Much the most interesting article written about Elizabeth Taylor was Philip French's in the Observer at the weekend, when he made the crucial point that Taylor was one of a close-knit quartet of British actors who had all arrived in Hollywood at around the same time and created their own networks with various cross-over connections; the other three were Peter Lawford, Angela Lansbury and Roddy McDowell.

Peter Hall once said that the British theatre was like a large village in which the same four or five hundred people worked with each other all the time.

More pointedly, perhaps, Timothy West commented the other day on the dynastic flavour of most cast lists these days - I don't think in any derogatory way - omitting to mention either his own dear old dad, Lockwood West, who sang "They were all green fields when I was a boy" in the musical Billy, or even his own son, Sam.

But last night's opening of Cause Celebre at the Old Vic validated his remarks to the hilt, providing a plum pudding of dynastic and familial connections that would make any anti-nepotism (should that be auntie-nepotism?) fanatic quiver with rage and righteousness.

Working down the list, there's Niamh Cusack, one of the great Cusack family, supported in the stalls last night by brother Padraic, formerly Nicholas Hytner's planning controller at the NT, big sister Sinead (with husband Jeremy Irons) and husband Finbar Lynch; Lucy Robinson, playing Niamh's sister, daughter of the broadcaster and ace autobiographer Robert Robinson (who hosted the TV chat show on which Kenneth Tynan first stuttered the flipping feared four letters); and, playing Niamh's son, Freddie Fox, son of Edward and Joanna David, nephew of Robert and James.

We've barely started: Tristram Wymark is brother of actress Jane and son of playwright Olwen and actor Patrick; Timothy Carlton, father of Benedict Cumberbatch and husband of Wanda Ventham (sitting in the stalls in front of A A Gill); Nicholas Jones, son of Griffith, once a British movie juvenile lead and in his latter years a venerable stalwart on contract (with long white beard) to the RSC, and brother of Gemma, who is joining Kevin Spacey in his upcoming Richard III company; and Richard Clifford, civil partner of Derek Jacobi.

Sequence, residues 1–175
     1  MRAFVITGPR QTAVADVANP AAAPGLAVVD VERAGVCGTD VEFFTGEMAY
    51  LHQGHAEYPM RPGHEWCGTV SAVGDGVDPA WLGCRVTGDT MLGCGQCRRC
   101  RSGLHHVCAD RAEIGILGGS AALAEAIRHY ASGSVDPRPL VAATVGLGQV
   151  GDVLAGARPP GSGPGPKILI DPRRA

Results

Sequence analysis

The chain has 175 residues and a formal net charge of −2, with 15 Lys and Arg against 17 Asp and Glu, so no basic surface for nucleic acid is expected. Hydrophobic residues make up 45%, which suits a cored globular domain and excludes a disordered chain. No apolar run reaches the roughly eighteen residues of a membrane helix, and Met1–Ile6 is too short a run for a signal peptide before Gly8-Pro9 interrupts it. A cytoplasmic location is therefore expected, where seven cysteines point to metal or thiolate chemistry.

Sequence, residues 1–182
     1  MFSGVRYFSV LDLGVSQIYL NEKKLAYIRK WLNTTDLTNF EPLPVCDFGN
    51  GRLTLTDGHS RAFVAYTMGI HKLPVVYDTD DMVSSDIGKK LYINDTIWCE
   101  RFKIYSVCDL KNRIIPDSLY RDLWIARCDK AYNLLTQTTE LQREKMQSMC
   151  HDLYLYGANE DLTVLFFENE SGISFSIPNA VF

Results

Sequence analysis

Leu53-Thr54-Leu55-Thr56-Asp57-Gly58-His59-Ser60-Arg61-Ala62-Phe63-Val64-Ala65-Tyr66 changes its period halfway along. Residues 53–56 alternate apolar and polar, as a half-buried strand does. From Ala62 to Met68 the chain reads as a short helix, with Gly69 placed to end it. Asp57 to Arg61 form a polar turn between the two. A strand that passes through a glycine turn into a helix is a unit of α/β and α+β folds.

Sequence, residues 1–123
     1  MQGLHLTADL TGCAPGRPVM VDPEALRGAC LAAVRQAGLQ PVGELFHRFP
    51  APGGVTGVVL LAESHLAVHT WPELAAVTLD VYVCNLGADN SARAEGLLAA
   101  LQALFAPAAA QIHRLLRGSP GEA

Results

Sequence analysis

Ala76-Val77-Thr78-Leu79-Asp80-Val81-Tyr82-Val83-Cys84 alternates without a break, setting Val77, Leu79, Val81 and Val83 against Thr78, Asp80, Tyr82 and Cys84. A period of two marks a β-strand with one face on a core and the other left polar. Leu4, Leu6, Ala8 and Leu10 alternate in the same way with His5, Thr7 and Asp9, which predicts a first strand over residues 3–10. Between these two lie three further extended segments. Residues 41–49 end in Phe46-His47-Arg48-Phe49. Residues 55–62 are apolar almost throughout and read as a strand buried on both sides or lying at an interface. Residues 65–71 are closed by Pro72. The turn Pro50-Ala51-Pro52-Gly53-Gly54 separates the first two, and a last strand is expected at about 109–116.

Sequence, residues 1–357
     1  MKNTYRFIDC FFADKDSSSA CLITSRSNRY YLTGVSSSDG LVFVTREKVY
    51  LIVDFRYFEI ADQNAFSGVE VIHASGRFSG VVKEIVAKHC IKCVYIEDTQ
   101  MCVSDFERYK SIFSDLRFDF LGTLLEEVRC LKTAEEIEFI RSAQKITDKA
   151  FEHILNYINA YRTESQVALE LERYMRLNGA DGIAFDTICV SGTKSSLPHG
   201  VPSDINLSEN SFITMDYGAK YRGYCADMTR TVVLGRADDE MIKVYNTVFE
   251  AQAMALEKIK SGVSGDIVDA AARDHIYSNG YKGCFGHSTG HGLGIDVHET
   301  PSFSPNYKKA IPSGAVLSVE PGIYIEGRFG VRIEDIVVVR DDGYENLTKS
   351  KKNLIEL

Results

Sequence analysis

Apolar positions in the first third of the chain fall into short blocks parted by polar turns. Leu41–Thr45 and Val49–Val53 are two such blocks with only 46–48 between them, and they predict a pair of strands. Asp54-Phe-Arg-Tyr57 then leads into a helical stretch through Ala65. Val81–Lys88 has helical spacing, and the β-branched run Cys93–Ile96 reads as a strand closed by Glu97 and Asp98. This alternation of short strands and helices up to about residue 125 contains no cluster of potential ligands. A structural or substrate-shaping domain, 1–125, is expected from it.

There are probably many other links and connections. We'll all have our little personal ones, too. Simon Chandler, for instance, who has a lovely scene as Niamh Cusack's sexually errant and unreasonably proper husband, lives in  my street and is married to leading agent Nicky van Gelder, who spends most of her time chaperoning Helena Bonham-Carter from one awards ceremony to another, sometimes sharing her weirdly bohemian wardrobe.

I can't nail any hint of nepotism on the usually wonderful Anne-Marie Duff, slightly miscast and disappointing as Alma Rattenbury, but husband James McAvoy was lending support out front and dealing with the paparazzi with exemplary cool and charm.

Kevin Spacey was schmoozing his sponsors big time during the interval. I just hope they didn't include the couple sitting next to me in Row L - the Old Vic has been reconfigured with a middle aisle in the stalls for the first time in living memory, certainly in over 20 years.

My neighbours both fiddled with their Blackberries thoughout the first act, and one of the handsets did in fact ring the minute its owner put it away in his pocket. The flashing continued as the second act started and I told one of them to turn the thing off. "It's on silent," he said, defensively, as if that were enough. The illuminated panel was a constant distraction to at least four or five others seated nearby.

It's high time the Old Vic instructed its patrons, before the start, that all mobile phones should be turned off completely - and not just to "silent" - and I've now decided to tell every single person I'm sitting near to do so, as of now, in every single theatre that I visit.